The site runs a mammoth operation, printing for two separate businesses – The West Australian and ColourPress – supported by more than $100 million worth of state-of-the-art printing technology.
A complete upgrade of the centre’s equipment in 2007 replaced aging pre-press, press and publishing equipment with Koenig & Bauer Group, Ferag and Kodak technology.
Automated mailroom equipment and laser guided robot vehicles now enable the plant to operate around the clock, six and a half days a week. The new technology also allowed the business to shed more than 200 production staff in 2007, which helped fund the investment.
The facility’s publications have gained acceptance into the IFRA International Newspapers Colour Quality Club (2010-2012 & 2012-2014).
The centre churns through 800 tonnes of newsprint and commercial paper grades, about 16 tonnes of coldset inks and three tonnes of heatset ink each week, to produce 35 regional and community newspapers for ColourPress along with the state’s major daily masthead The West Australian and its associated pre prints and features.
Print Centre General Manager Terry Clarke joined the business seven years ago as its production director. He says the shared site is extremely versatile when it comes to managing diverse printing requirements.
“Having editorial and advertising / marketing right next door makes it very easy for us with planning,” Mr Clarke said. “You can just walk next door to Newspaper House, it makes for a closer knit community across all departments of the organisation.”
The centre also prints the ‘TV Guide’ (heatset magazine) for The West Australian’s competitor, the Sunday Times, owned by News Limited.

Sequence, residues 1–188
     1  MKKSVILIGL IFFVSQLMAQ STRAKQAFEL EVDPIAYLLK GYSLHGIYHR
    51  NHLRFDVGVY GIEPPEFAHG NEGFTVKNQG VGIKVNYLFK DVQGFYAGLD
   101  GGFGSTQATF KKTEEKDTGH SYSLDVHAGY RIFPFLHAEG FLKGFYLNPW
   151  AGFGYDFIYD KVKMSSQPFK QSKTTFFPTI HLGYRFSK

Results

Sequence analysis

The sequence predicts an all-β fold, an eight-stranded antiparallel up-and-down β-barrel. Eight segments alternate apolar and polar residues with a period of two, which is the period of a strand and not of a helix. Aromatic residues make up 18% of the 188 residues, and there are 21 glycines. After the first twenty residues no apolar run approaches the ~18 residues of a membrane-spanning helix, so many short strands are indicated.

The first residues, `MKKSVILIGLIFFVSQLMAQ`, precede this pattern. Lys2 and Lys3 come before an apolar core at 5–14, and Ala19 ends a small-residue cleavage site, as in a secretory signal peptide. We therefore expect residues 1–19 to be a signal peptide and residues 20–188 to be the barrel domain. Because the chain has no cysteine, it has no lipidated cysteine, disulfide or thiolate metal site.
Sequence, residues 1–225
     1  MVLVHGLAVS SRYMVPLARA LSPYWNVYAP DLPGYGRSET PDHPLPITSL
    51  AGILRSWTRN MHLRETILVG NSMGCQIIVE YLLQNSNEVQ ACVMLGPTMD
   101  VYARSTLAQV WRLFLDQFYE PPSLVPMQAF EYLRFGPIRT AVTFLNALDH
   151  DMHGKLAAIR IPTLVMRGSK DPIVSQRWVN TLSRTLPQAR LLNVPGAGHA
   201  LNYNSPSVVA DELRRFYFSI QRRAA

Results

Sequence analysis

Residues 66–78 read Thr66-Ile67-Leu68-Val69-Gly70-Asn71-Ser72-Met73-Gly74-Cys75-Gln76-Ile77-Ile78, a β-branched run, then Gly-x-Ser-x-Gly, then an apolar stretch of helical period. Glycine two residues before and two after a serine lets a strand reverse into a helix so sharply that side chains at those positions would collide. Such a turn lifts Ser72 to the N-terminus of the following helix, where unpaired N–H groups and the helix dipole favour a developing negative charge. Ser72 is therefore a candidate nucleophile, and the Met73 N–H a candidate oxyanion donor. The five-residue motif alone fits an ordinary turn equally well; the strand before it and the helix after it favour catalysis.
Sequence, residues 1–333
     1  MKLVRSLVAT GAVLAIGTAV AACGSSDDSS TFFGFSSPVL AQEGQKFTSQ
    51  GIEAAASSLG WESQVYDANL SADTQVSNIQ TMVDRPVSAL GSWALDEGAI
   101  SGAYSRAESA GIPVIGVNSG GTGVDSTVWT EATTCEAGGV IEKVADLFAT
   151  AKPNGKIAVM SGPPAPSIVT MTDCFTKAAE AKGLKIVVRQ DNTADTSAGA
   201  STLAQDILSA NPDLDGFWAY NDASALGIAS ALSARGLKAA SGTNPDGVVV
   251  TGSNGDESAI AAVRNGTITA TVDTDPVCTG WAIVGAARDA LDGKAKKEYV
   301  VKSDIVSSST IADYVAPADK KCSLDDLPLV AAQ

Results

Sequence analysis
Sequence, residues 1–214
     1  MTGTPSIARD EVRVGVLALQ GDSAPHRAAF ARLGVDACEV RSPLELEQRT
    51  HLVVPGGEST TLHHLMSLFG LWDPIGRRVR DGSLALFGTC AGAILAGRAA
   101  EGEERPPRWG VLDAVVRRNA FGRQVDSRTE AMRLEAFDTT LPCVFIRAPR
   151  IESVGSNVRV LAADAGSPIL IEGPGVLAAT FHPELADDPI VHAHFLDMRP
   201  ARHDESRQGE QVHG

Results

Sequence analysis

Clarke said: “From a production perspective we’ve got a pretty good relationship with them. The West Australian is a six day newspaper (Monday –Saturday) so we’re not directly treading on each other’s toes in terms of readers.”
Although newspaper circulation is in ongoing decline across Australia, The West Australian has been relatively resilient. The latest Audit Bureau of Circulations figures showed a year-on-year average decline of just two percent for The West Australian’s weekday editions, compared with an average decline for weekly print masthead sales of 9.2 percent year-on-year.
But Mr Clarke says the print centre continues to focus on cutting costs and innovation.
“We are doing better than most other Australian newspapers but we’ve still got the same type of general decline in terms of circulation,” Mr Clarke said.
“Just like all the other newspapers we’ve seen declines in revenue in all parts of the advertising sphere – from classifieds through to national display advertising.
“Because you’ve got fixed costs and fixed overheads, in terms of paying people and running the facility, it’s more difficult to maintain operating margins.”
At the moment his team is trialling technology to individually number newspapers which could be used to support a range of business functions from market research through to marketing competitions.
“The numbering can be used for competition purposes for example where the reader would call in to The West Australian with their unique number, all of the numbers would then go into a draw to win a prize.
“We’ve needed to adapt to the changing demand over the last few years, changing shifts and labour levels to suit our work,” Mr Clarke said. “We had some jobs that would frequently run into overtime so we’ve moved rosters to try to put people where the work is”.
But even in tough times, Mr Clarke remains an optimist about the future of printed newspapers.
“When radio came on the scene it was going to kill newspapers and when TV appeared it was going to kill both radio and newspapers. Then the internet was to kill everything, it hasn’t and I think it’s just another medium really – it’s just another option for people.”
Although the unique gravitas of newspapers as a trusted source of information will go part-way to ensuring the medium’s longevity, Mr Clarke believes publishers will need to work harder and smarter in order to survive.
“I think it’s something that John Hartigan (former chief executive of News Limited) said years ago, that newspapers really have to change what they are and they have to become a better read … a more in depth read, rather than trying to compete with the latest news offerings of other mediums.
“Everyone who’s involved in newspapers and wants to remain involved in newspapers needs to understand that life’s going to get harder. It’s a much tougher industry to work in now than it was 10 years ago.”